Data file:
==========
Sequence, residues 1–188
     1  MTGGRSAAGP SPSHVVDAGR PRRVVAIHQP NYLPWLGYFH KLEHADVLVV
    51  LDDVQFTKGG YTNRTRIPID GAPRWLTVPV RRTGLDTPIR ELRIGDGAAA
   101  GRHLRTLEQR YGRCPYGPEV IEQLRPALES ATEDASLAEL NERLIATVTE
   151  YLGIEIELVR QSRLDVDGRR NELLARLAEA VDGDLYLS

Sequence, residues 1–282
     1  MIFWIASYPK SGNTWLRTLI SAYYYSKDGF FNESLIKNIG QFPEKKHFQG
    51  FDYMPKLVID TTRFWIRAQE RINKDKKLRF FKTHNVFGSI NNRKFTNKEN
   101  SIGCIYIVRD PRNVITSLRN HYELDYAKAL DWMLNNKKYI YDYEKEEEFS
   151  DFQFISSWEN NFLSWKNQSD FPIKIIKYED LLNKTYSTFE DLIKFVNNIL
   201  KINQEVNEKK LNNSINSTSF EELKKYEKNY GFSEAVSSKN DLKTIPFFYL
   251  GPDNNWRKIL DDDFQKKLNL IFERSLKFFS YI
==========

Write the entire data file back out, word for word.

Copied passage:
Sequence, residues 1–188
     1  MTGGRSAAGP SPSHVVDAGR PRRVVAIHQP NYLPWLGYFH KLEHADVLVV
    51  LDDVQFTKGG YTNRTRIPID GAPRWLTVPV RRTGLDTPIR ELRIGDGAAA
   101  GRHLRTLEQR YGRCPYGPEV IEQLRPALES ATEDASLAEL NERLIATVTE
   151  YLGIEIELVR QSRLDVDGRR NELLARLAEA VDGDLYLS

Sequence, residues 1–282
     1  MIFWIASYPK SGNTWLRTLI SAYYYSKDGF FNESLIKNIG QFPEKKHFQG
    51  FDYMPKLVID TTRFWIRAQE RINKDKKLRF FKTHNVFGSI NNRKFTNKEN
   101  SIGCIYIVRD PRNVITSLRN HYELDYAKAL DWMLNNKKYI YDYEKEEEFS
   151  DFQFISSWEN NFLSWKNQSD FPIKIIKYED LLNKTYSTFE DLIKFVNNIL
   201  KINQEVNEKK LNNSINSTSF EELKKYEKNY GFSEAVSSKN DLKTIPFFYL
   251  GPDNNWRKIL DDDFQKKLNL IFERSLKFFS YI